Papahānaumokuākea Marine National Monument
Expanding protections to conserve Hawaiian culture and biodiversity
This fact sheet was updated in July 2016 to correct the map.
Papahānaumokuākea means “a sacred area from which all life springs” and is the Hawaiian name for the Northwestern Hawaiian Islands Marine National Monument. To Hawaiians, Papahānaumokuākea is a place of honor, believed to be the root of native ancestral connections to the gods, and the site to which spirits return after death. The islands and the water around them are home to more than 7,000 species, a quarter of which are found nowhere else on Earth.
At the time of its creation in 2006, the Papahānaumokuākea Marine National Monument was, at 140,000 square miles (363,000 square kilometers), the largest fully protected marine park in the world. Its designation marked the first time a protected area of such significance had been established in the ocean.
Papahānaumokuākea helped inspire an international movement to safeguard large swaths of ocean and create the world’s first generation of great parks in the sea. Establishment of the U.S. monument, which received bipartisan support, was followed by the designation of more than a dozen large-scale marine protected areas around the world, nine of them larger than this initial effort. As a result, close to 2 percent of the world’s oceans are set aside with strong protections. This is important progress, but scientists recommend protection of at least 30 percent.1
Expanding Papahānaumokuākea would help ensure the long-term health of this vital marine ecosystem and the species that rely on it while also protecting ecosystems farther offshore. It would build resiliency against the effects of climate change and improve food security for Hawaiians.2
Enlarging the monument to the limits of the U.S. exclusive economic zone (EEZ)—a fivefold increase—would include more pelagic waters, offshore seamounts, and other deep-sea habitats to create what could be the world’s largest protected area on land or sea. Taking this action would make a significant contribution toward global conservation targets and help Native Hawaiians preserve traditional practices and ways of life.
Conserving Hawaiian culture
Ever since their ancestors voyaged across the Pacific Ocean to reach these islands, Native Hawaiians have developed complex natural resource management systems and specialized skills to survive on remote islands with limited resources. They continue to maintain strong cultural ties to the land and sea and believe in the importance of managing the islands and waters as inextricably connected to one another. Native Hawaiians believe it is their responsibility to care for what feeds them, a principle known as Aloha ‘āina.
Much of what is known about the area surrounding Papahānaumokuākea has been passed down in oral and written histories, genealogies, songs, dances, and archaeological finds. Through these sources, Native Hawaiians are able to recount how their seafaring ancestors traveled hundreds of miles between the Northwestern Hawaiian Islands and the main Hawaiian Islands.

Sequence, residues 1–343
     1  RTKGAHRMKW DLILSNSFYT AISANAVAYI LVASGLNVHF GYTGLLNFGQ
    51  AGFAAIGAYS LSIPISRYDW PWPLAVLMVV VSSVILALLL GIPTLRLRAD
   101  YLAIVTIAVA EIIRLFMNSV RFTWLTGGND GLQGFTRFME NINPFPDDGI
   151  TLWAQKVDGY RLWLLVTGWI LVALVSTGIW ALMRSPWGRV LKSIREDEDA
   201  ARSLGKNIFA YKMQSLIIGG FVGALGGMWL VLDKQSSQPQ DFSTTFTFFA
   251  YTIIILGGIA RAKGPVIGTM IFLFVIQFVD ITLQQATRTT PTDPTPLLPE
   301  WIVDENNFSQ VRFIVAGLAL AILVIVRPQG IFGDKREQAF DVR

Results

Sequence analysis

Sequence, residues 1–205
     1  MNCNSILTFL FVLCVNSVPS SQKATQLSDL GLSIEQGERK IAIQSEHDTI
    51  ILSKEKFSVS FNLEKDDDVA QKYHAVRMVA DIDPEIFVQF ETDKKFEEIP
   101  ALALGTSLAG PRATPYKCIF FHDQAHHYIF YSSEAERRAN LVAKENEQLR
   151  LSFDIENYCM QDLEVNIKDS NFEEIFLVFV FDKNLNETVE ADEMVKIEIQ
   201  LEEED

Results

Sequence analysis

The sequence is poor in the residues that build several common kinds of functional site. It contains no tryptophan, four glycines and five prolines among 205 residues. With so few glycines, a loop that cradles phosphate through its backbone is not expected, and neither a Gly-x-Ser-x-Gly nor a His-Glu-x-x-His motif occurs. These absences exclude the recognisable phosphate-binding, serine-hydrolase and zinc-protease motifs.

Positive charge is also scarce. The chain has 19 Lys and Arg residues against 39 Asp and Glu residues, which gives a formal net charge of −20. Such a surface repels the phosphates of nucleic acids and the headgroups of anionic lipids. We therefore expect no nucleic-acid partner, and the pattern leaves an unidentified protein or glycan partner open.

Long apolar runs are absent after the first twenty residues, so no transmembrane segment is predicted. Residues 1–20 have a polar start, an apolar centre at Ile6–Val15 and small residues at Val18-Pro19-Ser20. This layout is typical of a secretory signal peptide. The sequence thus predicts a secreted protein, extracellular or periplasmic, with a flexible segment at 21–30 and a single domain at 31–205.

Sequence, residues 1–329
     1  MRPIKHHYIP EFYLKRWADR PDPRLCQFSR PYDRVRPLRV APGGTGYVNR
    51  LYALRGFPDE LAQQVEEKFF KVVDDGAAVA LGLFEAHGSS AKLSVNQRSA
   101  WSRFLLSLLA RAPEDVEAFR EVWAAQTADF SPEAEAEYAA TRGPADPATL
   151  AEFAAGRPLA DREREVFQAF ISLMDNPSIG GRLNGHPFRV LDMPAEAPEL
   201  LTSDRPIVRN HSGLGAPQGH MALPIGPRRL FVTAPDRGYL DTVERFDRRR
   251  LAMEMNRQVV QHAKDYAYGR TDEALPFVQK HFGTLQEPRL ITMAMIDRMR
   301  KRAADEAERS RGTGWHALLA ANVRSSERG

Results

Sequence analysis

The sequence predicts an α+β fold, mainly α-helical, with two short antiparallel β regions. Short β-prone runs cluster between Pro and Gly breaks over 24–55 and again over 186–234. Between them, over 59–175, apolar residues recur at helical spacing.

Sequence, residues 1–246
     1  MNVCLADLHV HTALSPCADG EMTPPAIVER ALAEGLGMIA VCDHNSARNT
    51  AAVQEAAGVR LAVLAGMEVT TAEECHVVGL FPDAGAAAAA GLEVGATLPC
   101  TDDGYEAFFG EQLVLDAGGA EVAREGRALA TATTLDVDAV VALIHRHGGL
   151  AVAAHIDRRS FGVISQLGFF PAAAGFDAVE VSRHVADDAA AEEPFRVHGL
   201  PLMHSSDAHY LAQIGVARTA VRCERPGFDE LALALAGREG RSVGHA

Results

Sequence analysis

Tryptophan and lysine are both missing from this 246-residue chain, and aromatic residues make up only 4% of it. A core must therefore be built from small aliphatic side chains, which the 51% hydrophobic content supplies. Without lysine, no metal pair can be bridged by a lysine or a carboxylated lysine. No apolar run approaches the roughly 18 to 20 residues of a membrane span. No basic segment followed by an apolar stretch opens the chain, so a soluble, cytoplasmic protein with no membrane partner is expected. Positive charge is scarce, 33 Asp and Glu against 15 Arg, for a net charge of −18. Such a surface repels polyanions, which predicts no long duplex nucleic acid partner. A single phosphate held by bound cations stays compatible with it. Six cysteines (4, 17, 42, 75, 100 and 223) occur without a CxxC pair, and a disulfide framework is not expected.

In recent decades, there has been a renaissance of Hawaiian culture, exemplified by the Polynesian Voyaging Society’s Mālama Honua Worldwide Voyage, in which traditional canoes, the Hōkūle’a and Hikianalia, are circumnavigating the globe. The voyage, whose Hawaiian name, Mālama Honua, means “to care for our Earth,” began in the Northwestern Hawaiian Islands and will end in 2017. Society members describe the trip as a call to protect cultural and environmental resources for future generations.
An expansion of the monument would protect key ecosystems made up of coral reefs, seamounts, pelagic zones, and communities of organisms that range from microscopic phytoplankton and zooplankton to seabirds, large tuna, sharks, sea turtles, and marine mammals. It would strengthen the health of the surrounding Pacific by protecting biodiversity. And the spillover effect that comes with large fully protected areas would encourage thriving populations of fish to move into nearby waters beyond the reserve’s boundaries.
Above the waterline
One of the largest groupings of tropical seabirds in the world makes its home in the Northwestern Hawaiian Islands. That includes 14 million birds from 22 species, 5.5 million of which breed in the areas annually. Eleven are considered imperiled or of high conservation concern.
The existing monument provides for the protection of vital reproductive, nesting, and nurturing sites essential to the longevity of bird species that inhabit the islands in and around its borders. The expansion would protect important foraging habitat. For example, more than 98 percent of the world’s Laysan albatrosses nest on the Northwestern Hawaiian Islands chain. Their foraging habitat includes most of the North Pacific, but their range is significantly reduced to the area of the proposed boundaries when the birds are feeding chicks.
Expanding Papahānaumokuākea protections out to the full extent of the EEZ, excluding the islands of Ni’ihau and Kaua’i, would benefit populations of sharks, tuna, and sea turtles—including the threatened Hawaiian green turtle—as well as marine mammals like endangered blue, humpback, and false killer whales.
The deep sea is home to remarkably rich coral systems. While more is known about shallow coral ecosystems, it is now thought that there are more coral species living at great ocean depths than in tropical shallows.3 These ancient corals, some 4,000 years old, create ornate, forestlike structures that would need hundreds of years to recover if disturbed by fishing activities such as bottom trawling.4 Other unknown areas of the ocean, such as underwater mountains (seamounts), can contain a wealth of marine organisms that would be threatened and susceptible to extractive activities, such as deep-sea mining or bottom trawling, if not included in a marine reserve.